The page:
BRIEF DESCRIPTION OF THE DRAWINGS The aforementioned aspects and other advantages of the invention are explained in the following description taken in connection with the accompanying drawings wherein:

FIG. I shows a sectional view of an x-ray generator which comprises a target inclined at an oblique angle to a viewing port in accordance with the invention for providing monochromatic x-radiation;

FIG. 2 shows an embodiment of the invention where a source of x-rays is positioned off to the side of a rotating target in accordance with the invention;

FIG. 3 shows a third embodiment in which the beam of x-rays is parallel to the axis of rotation of the target while the exit port is positioned off to the side of the target;

FIG. 4 is a typical spectrum of x-radiation of a material exhibiting fluorescent radiation; and

FIGS. 5 and 6 show the angular dependency of the purity and relative intensity of the emitted radiation of molybdenum and cerium targets for use in the generator of FIG. 1.

DESCRIPTION OF THE PREFERRED EMBODIMENT Referring now to FIG. I there is seen a generator 20 which provides monochromatic x-rays 22 in accordance with the invention. The generator 20 comprises a housing 24 of a metal such as lead which is opaque to x-radiation and which has a window 26 which serves as an exit port for the x-radiation and is composed of a material such as aluminum or beryllium. An anode assembly 28 includes a circular dish-shaped member 30 of a material such as beryllium or graphite which is transparent to xradiation and is rotatably supported upon a shaft 32 which is, in turn, rotated by a motor 34. The member 30 is enclosed by an evacuated envelope 36 of a material such as glass which is transparent to xradiation. A thin target 38 in the form of a band is deposited upon the inner surface of the member 30 adjacent the periphery thereof and, upon rotation of the member 30, is passed through a beam 40 of electrons which are accelerated from a cathode 42 to the target 38 under a difference of electrical potential established by a power supply 44 which is coupled via the terminals 46 and 48, respectively. to the anode assembly 28 and the cathode 42, the power supply 44 being shown diagrammatically.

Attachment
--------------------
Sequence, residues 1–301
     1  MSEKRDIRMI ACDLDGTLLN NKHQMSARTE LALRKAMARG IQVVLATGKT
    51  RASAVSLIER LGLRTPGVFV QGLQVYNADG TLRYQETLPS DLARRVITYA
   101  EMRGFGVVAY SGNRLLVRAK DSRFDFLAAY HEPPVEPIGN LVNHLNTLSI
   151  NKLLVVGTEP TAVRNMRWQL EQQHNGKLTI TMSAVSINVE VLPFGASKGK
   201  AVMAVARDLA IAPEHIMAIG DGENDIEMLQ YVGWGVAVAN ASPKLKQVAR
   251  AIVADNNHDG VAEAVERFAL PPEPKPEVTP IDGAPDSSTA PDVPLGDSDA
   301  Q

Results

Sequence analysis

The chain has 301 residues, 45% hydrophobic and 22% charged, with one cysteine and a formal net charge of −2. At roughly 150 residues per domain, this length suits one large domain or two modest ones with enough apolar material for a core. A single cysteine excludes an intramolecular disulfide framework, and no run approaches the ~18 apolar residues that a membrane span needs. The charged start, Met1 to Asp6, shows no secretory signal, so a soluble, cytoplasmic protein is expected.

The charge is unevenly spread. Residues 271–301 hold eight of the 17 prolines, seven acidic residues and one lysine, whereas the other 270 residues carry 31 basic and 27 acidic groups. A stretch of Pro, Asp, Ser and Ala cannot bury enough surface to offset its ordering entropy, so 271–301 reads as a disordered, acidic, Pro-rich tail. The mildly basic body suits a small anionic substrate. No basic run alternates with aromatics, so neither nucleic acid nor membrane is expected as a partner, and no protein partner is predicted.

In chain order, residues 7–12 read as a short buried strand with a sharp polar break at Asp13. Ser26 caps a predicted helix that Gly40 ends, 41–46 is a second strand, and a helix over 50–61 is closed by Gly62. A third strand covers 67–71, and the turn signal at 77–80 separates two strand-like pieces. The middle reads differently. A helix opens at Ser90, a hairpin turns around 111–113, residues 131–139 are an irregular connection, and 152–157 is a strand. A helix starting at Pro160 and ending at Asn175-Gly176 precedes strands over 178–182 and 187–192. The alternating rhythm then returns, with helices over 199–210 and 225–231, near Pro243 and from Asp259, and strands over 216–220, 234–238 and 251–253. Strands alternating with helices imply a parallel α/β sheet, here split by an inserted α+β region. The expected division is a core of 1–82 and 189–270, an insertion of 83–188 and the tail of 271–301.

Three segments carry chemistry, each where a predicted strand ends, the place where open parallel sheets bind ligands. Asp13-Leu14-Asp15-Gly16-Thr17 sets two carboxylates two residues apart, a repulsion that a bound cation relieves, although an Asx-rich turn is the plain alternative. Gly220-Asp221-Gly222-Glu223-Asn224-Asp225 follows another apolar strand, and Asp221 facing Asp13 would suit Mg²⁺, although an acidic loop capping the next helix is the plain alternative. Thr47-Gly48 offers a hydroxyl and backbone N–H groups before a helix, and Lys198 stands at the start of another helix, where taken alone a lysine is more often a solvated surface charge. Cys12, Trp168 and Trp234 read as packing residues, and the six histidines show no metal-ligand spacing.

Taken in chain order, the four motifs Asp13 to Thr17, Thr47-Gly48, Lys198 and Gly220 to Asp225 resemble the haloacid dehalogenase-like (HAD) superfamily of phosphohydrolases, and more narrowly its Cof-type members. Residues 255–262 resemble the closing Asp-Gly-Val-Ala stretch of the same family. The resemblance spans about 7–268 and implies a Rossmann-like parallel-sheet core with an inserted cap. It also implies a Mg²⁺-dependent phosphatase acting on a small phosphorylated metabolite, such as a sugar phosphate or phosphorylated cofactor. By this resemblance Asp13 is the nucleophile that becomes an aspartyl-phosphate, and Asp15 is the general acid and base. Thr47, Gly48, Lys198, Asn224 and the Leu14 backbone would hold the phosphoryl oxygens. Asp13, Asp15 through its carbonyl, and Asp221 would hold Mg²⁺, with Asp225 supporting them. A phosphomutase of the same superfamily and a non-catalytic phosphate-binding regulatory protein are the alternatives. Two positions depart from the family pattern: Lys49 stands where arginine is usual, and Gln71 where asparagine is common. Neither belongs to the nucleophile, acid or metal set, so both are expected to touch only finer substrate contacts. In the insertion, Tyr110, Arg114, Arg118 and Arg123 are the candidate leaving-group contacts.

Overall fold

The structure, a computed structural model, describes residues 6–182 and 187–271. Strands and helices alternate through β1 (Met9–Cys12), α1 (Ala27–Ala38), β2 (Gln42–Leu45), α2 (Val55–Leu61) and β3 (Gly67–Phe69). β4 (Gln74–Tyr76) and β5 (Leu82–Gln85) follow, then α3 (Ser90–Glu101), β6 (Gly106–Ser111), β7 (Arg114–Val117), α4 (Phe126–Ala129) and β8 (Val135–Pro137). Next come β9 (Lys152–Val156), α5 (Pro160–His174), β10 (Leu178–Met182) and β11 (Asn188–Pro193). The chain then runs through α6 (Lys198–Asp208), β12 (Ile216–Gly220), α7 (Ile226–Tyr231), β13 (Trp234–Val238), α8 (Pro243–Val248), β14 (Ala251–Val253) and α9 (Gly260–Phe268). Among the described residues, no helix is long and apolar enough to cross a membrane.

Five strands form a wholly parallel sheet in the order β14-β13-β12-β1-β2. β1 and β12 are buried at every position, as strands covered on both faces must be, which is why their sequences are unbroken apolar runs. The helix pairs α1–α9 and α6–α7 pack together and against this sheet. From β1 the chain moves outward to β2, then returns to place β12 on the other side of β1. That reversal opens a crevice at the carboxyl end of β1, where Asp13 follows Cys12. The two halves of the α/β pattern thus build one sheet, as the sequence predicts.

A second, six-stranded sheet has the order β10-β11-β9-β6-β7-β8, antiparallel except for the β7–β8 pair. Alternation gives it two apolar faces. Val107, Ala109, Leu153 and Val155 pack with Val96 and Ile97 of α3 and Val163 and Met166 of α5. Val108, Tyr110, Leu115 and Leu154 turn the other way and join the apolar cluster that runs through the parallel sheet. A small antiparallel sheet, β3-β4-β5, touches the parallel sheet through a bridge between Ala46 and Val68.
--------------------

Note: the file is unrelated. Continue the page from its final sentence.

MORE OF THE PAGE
The anode assembly 28 is electrically conducting for coupling the voltage of the power supply 44 to the target 38. In addition, the dish-shaped member 30 is thermally conducting for cooling the target 38. The cathode 42 is supported and positioned by a strut 50 which also contains electrical conductors (not shown) for coupling electrical voltage from the power supply 44 to the cathode 42. In addition, the cathode 42 encloses a heater or filament (not shown) which is, in turn, energized by a filament supply (not shown).